Colombia prohibits all corporal punishment of children

Colombia has achieved full prohibition of corporal punishment of children with the enactment of the “Law prohibiting the use of physical punishment, cruel, humiliating, or degrading treatment and any type of violence against children and adolescents as a method of correction against children and adolescents” (Law 2089 of 14 May 2021).

Article 1 of the Law 2089 of 14 May 2021 states:

Parents or individuals who exercise parental authority over children and adolescents have the right to educate, raise and correct their children according to their beliefs and values. The only limit is the prohibition to use physical punishment, cruel, humiliating, or degrading treatment and any type of violence against children and adolescents. The prohibition extends to any other person responsible for their care, in each of the different environments where childhood and adolescence unfold.” (unofficial translation)

Article 2 defines physical punishment as an “action that takes place in the context of parenting, providing guidance or education, where physical force is used with the intention to cause physical pain...” Humiliating punishment is defined as “any action that hurts the dignity of the child or adolescent or cruelly belittles, denigrates, degrades, stigmatizes or threatens them, provided that it does not constitute punishable conduct…” (unofficial translation)

Colombia becomes the 11th Latin American state to prohibit all corporal punishment of children

The Law 2089 of 14 May 2021 amends article 262 of the Colombian Civil Code 1883 (as amended 1974), which confirmed the right of parents and other carers to “correct” children and “sanction them moderately”. Article 3 therefore prohibits “the use of physical punishment, cruel, humiliating, or degrading treatment and any type of violence as a method of correction, sanction or discipline” (unofficial translation). The new law will apply to all  children and adolescents in Colombia.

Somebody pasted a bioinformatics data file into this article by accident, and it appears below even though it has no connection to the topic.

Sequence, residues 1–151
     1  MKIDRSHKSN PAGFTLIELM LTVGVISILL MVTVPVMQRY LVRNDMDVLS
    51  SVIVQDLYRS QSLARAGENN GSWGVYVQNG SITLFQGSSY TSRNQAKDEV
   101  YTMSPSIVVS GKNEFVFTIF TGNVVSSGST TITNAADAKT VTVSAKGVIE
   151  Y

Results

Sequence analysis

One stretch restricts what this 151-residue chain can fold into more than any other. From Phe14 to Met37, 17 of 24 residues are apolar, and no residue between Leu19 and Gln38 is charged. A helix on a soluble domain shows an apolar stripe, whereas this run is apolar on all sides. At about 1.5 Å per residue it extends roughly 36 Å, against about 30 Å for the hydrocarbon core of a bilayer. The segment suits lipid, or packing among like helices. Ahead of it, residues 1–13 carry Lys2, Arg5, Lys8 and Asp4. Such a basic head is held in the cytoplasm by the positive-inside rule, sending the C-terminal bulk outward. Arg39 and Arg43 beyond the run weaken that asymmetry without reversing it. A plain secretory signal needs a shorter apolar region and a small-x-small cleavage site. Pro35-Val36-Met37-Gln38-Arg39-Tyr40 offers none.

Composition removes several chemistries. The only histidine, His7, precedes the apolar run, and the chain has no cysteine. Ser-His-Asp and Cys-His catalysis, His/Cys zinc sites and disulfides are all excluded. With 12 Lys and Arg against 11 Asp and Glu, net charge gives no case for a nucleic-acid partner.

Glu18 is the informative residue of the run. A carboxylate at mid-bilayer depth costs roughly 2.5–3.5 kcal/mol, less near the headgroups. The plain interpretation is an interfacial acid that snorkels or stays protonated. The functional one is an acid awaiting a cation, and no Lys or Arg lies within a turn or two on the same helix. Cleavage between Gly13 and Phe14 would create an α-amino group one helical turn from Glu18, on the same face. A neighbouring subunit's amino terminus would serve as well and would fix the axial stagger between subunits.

The enactment of the law is a result of several years of lobbying and advocacy from national child rights activists, in partnership with the Government of Colombia. The recent law reform campaign was launched in 2018 and spearheaded by Instituto Colombiano de Bienestar Familiar and other members of the National Alliance against Violence against Children and the CSO coalition the  Alianza por la Niñez Colombiana .

In terms of implementation, the new law requires the Colombian Government, through its relevant departments, to implement a National Pedagogical and Prevention Strategy within six months after the effective date of the law (article 5). The National Pedagogical and Prevention Strategy (“Estrategia Nacional Pedagógica y de Prevención del Castigo Físico y los Tratos crueles, humillantes o degradantes”) will promote the participation of parents to identify and illustrate non-violent education, guidance and disciplinary alternatives and practices.

With this law reform, Colombia becomes the 63rd state worldwide, and the eleventh in the Latin American and the Caribbean region, to realise children’s rights to protection from all corporal punishment.

Colombia is a Pathfinder country with the Global Partnership to End Violence Against Children. This commits the Government to three to five years of accelerated action towards the achievement of Target 16.2 of the Sustainable Development Goals.  

We welcome this significant advance for children, and call on the Colombian Government to fulfill its international and regional human rights obligations by taking action to eliminate all forms of violence against children wherever they may be, and in whatever context they occur.

With a child population of 14 million, prohibition in Colombia brings the total number of children worldwide protected by law from corporal punishment to 313 million, or 14% of the global child population. However, a large number of children around the world are still waiting for the realisation of their basic human right to protection from violent punishment, and we call on all remaining governments to enact prohibition as a matter of priority.